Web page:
Now Dickerson can look forward to next April when he will be paired with Woods for the first two rounds of the Masters. The Amateur champion and the defending Masters champion. A Tiger and a Bubba at Bobbys place.
McIlroy gets back on track
There’s only one way to view Rory McIlroy’s performance at the Abu Dhabi HSBC Championship:
He is well ahead of schedule.
Sure, McIlroy is probably disappointed that he couldn’t chase down Ross Fisher (and then Tommy Fleetwood) on the final day at Abu Dhabi Golf Club. But against a recent backdrop of injuries and apathy, his tie for third was a resounding success. He reasserted himself, quickly, and emerged 100 percent healthy.
“Overall, I’m happy,” he said after finishing at 18-under 270, four back of Fleetwood. “I saw some really, really positive signs. My attitude, patience and comfort level were really good all week.”
To fully appreciate McIlroy’s auspicious 2018 debut, consider his state of disarray just four months ago. He was newly married. Nursing a rib injury. Breaking in new equipment. Testing another caddie. His only constant was change. “Mentally, I wasn’t in a great place,” he said, “and that was because of where I was physically.”
And so he hit the reset button, taking the longest sabbatical of his career, a three-and-a-half-month break that was as much psychological as physical. He healed his body and met with a dietician, packing five pounds of muscle onto his already cut frame. He dialed in his TaylorMade equipment, shoring up a putting stroke and wedge game that was shockingly poor for a player of his caliber. Perhaps most importantly, he cleared his cluttered mind, cruising around Italy with wife Erica in a 1950s Mercedes convertible.
After an intense buildup to his season debut, McIlroy was curious about the true state of his game, about how he’d stack up when he finally put a scorecard in his hand. It didn’t take him long to find out.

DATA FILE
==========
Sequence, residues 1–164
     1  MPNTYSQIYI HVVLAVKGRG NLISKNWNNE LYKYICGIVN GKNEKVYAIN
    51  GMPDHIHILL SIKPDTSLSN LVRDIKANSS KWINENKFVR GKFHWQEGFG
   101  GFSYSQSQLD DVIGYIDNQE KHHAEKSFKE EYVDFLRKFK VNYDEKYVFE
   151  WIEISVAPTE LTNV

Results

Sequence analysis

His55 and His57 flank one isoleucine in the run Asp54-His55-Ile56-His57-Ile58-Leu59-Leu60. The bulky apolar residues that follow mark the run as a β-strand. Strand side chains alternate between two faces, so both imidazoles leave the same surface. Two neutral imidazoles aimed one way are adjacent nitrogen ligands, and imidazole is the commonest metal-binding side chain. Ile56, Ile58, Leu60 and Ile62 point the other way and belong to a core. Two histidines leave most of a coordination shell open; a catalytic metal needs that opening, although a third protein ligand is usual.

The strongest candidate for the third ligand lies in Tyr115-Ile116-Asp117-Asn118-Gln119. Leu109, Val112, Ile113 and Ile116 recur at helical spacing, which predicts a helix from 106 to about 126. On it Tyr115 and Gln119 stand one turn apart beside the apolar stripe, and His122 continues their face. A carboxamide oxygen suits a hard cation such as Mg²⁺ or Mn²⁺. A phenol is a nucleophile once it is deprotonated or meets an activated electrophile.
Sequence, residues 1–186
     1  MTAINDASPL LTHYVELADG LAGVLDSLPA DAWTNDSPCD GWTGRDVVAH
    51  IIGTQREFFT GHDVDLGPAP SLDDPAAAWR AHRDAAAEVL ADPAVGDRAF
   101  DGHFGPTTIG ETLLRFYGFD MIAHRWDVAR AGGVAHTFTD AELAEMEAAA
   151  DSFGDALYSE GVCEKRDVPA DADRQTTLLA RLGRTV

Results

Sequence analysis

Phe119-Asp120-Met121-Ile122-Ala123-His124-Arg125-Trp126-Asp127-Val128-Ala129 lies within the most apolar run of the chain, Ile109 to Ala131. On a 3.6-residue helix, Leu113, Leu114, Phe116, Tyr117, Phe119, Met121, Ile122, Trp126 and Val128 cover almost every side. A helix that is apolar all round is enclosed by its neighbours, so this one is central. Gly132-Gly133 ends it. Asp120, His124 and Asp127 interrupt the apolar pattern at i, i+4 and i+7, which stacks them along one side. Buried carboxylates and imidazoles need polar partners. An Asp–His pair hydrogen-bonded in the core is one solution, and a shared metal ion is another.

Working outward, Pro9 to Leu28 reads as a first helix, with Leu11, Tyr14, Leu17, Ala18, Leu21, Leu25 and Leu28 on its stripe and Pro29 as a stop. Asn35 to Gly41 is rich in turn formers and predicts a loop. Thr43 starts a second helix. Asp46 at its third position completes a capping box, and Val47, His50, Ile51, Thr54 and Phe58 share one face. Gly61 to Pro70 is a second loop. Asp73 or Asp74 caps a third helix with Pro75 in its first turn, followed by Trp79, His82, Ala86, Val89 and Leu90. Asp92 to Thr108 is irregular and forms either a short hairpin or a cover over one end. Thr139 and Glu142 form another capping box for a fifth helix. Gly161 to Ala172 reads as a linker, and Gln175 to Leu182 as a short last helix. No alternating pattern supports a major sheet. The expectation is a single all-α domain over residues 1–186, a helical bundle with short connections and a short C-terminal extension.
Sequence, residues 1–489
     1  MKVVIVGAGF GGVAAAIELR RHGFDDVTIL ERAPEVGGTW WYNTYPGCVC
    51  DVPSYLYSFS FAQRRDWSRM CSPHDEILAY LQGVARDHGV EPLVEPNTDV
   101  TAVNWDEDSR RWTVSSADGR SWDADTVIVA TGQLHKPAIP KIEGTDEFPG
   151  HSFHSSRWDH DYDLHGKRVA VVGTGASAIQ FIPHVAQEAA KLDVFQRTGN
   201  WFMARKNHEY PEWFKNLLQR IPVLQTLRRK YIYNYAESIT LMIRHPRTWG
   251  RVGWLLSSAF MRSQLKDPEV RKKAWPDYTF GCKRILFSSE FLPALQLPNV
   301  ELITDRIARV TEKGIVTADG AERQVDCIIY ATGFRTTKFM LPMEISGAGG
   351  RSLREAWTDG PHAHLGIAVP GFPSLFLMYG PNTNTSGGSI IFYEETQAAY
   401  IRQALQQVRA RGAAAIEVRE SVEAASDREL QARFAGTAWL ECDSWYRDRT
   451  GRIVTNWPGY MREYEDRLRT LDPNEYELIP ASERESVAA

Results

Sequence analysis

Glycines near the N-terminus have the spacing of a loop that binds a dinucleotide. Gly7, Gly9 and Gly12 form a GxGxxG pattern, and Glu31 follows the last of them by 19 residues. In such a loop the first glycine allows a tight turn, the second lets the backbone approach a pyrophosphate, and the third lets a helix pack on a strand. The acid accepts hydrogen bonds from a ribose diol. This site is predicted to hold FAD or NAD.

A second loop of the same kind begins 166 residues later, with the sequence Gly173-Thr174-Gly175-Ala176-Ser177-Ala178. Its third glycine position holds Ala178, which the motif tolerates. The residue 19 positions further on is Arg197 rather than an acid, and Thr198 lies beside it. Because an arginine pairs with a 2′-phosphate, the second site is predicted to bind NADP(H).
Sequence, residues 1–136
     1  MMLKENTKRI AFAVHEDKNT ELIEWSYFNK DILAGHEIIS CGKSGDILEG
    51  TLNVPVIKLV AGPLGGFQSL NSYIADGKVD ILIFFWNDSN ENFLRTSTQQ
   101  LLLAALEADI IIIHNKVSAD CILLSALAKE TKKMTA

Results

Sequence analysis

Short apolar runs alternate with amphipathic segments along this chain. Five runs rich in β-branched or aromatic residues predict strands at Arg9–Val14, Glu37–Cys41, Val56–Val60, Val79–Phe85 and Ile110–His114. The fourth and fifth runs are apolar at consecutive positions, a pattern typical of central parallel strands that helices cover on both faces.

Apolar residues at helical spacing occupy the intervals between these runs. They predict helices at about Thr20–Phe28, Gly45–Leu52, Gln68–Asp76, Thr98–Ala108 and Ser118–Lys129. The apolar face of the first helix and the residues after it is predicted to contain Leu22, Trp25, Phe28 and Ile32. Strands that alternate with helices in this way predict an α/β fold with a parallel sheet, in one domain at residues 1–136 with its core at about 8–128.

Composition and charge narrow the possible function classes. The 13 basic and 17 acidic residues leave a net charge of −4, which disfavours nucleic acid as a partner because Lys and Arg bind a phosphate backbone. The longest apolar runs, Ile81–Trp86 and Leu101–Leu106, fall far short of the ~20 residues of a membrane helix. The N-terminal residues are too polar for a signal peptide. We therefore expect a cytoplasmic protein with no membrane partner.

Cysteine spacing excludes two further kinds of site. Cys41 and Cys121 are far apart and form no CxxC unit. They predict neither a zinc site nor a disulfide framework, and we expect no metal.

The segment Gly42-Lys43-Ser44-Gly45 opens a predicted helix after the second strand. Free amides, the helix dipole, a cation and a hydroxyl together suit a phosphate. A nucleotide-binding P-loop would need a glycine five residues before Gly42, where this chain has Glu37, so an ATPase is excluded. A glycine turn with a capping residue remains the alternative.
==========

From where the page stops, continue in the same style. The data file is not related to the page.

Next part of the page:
Playing the first two rounds alongside Dustin Johnson – the undisputed world No. 1 who was fresh off a blowout victory at Kapalua – McIlroy beat him by a shot. Despite a 103-day competitive layoff, he played bogey-free for 52 holes. And he put himself in position to win, trailing by one heading into the final round. Though Fleetwood blew away the field with a back-nine 30 to defend his title, McIlroy collected his eighth top-5 in his last nine appearances in Abu Dhabi.
“I know it’s only three months,” he said, “but things change, and I felt like maybe I needed a couple of weeks to get back into the thought process that you need to get into for competitive golf. I got into that pretty quickly this week, so that was the most pleasing thing.”
The sense of relief afterward was palpable. McIlroy is entering his 11th full year as a pro, and deep down he likely realizes 2018 is shaping up as his most important yet.
The former Boy Wonder is all grown up, and his main challengers now are a freakish athlete (DJ) and a trio of players under 25 (Jordan Spieth, Justin Thomas, Jon Rahm) who don’t lack for motivation or confidence. The landscape has changed significantly since McIlroy’s last major victory, in August 2014, and the only way he’ll be able to return to world No. 1 is to produce a sustained period of exceptional golf, like the rest of the game’s elite. (Based on average points, McIlroy, now ranked 11th, is closer to the bottom of the rankings, No. 1928, than to Johnson.)
But after years of near-constant turmoil, McIlroy, 28, finally seems ready to pursue that goal again. He is planning the heaviest workload of his career – as many as 30 events, including seven more starts before the Masters – and appears refreshed and reenergized, perhaps because this year, for the first time in a while, he is playing without distractions.
Not his relationships or his health. Not his equipment or his caddie or his off-course dealings.
Everything in his life is lined up.
Drama tends to follow one of the sport’s most captivating characters, but for now he can just play golf – lots and lots of golf. How liberating.